Freddy Vs. Jason

2003, Movie, R, 98 mins


It had to happen: Frankenstein faced Dracula, Jesse James met Frankenstein's daughter, and now Freddy and Jason are ready to rumble. Sadly, this NIGHTMARE ON ELM STREET/FRIDAY THE 13TH hybrid is a formulaic hodge-podge that trades on a certain demographic's affection for the bogeymen of their formative years. Largely ignoring the chronology of the FRIDAY and ELM STREET films to date, the film opens with nightmare-maker Freddy Krueger (Robert Englund) trapped in some hellish never-never land by the adults of suburban Springwood, where his reign of terror originated. They've purged him from their children's collective consciousness, and without fear on which to feed, Freddy is powerless and it's safe to be sleepy again in small-town Springwood. Unable to re-enter the real world, Freddy instead invades the death dreams of unstoppable killing machine Jason Voorhees (Ken Kirzinger, the latest of several hulking actors to play the role) and persuades him to rise from the grave and resume killing. Jason's first stop: 1428 Elm Street, where nubile teens Lori (Monica Keena), Kia (Kelly Rowland, of Destiny's Child) and Gibb (Katharine Isabelle) are having a slumber party. Gibb's jerky boyfriend (Jesse Hutch) crashes the all-girl get-together, and Jason slices and dices him while Gibb takes the obligatory shower. Needless to say, the surviving kids are plenty scared. Meanwhile Lori's boyfriend, Will (Jason Ritter), and his pal Mark (Brendan Fletcher) are staging a daring escape from the asylum where they've spent years doped up with dream-suppressing drugs for the crime of dreaming of Freddy. Once they get back to town, there's no keeping Freddy's lethal legacy a secret and the razor-fingered dream demon is on the road to wellville. Screenwriters Damian Shannon and Mark Swift appear to have invested all their energy in figuring out how to bring the titans of terror together, and what could have been a clever fusion of late 20th-century horror icons is instead a lengthy lead-in to a cheesy, WWE-style grudge match. First-class Hong Kong martial-arts fabulist Ronny Yu clearly has no affinity for Freddy or Jason, whose spookiness springs not from fairy tales or folk traditions but from stand-alone mythologies rooted in modern American pop-culture anxieties. The gore splatters so ludicrously freely that it's hard not to think of the classic Monty Python skit in which Sam Peckinpah turns the gentle musical revue Salad Days into a comic riot of severed limbs and spurting stumps. leave a comment --Maitland McDonagh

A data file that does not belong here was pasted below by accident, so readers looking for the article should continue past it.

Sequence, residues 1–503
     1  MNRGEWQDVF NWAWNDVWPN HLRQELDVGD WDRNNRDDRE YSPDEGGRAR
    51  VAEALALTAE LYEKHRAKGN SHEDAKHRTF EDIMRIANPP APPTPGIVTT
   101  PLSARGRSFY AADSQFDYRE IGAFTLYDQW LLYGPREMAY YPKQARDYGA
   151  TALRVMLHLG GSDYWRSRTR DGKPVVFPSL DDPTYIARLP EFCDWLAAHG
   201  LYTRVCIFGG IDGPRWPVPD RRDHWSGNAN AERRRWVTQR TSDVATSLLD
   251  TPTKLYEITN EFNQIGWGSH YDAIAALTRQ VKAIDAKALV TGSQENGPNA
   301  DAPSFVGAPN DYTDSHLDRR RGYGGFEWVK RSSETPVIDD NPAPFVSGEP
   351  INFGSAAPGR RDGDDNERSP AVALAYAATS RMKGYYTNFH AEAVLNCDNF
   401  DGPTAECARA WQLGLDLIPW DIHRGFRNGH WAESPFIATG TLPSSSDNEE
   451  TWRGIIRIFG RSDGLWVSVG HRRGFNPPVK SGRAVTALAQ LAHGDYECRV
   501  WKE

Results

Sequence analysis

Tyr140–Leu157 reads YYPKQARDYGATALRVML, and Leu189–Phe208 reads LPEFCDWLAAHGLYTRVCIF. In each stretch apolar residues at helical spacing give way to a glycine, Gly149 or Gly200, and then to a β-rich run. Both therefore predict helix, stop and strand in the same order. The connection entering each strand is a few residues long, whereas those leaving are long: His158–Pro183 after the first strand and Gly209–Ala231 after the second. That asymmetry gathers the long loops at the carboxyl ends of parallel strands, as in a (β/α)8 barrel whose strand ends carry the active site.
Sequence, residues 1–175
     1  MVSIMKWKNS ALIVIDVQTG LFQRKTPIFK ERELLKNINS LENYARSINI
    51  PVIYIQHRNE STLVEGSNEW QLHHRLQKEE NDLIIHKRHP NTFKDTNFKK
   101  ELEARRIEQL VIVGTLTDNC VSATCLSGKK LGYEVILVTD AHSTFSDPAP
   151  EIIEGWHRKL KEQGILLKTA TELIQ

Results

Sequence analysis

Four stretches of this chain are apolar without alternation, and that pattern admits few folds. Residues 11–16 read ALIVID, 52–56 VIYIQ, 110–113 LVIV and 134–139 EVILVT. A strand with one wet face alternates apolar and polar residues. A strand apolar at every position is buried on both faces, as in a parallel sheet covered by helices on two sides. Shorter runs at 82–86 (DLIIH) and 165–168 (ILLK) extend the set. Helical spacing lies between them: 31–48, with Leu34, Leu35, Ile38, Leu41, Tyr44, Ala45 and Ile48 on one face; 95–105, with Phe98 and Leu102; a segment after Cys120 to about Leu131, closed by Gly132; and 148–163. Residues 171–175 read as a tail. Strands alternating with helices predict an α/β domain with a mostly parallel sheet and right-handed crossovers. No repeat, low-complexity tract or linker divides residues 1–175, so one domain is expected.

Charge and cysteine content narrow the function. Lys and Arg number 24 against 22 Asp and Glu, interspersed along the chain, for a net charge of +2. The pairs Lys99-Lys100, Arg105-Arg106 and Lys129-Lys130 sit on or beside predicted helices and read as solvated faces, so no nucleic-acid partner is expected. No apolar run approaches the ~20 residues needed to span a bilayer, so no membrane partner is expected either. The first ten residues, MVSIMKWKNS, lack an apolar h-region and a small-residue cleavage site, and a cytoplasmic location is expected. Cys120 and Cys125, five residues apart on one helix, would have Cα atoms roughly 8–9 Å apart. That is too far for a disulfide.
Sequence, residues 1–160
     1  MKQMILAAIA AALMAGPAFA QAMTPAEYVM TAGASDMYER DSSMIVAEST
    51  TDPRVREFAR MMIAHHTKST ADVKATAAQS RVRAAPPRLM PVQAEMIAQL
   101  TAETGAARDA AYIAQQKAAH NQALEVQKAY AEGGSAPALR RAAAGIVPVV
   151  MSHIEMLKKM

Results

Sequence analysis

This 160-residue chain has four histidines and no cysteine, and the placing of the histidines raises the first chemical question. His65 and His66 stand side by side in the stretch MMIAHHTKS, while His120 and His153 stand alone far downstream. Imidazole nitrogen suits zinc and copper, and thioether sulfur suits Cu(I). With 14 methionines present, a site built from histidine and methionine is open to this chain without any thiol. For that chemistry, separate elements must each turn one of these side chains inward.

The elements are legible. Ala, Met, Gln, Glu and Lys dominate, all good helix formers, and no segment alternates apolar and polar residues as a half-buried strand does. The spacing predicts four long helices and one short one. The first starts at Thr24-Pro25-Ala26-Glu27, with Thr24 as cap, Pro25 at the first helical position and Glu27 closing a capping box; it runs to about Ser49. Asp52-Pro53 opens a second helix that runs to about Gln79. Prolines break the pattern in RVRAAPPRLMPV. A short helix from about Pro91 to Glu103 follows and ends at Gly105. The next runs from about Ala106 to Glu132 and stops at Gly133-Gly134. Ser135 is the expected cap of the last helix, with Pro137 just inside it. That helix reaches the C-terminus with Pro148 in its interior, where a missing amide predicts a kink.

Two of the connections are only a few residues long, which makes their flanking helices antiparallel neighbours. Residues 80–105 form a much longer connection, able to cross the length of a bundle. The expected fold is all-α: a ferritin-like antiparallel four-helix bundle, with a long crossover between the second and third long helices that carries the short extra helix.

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Freddy Vs. Jason
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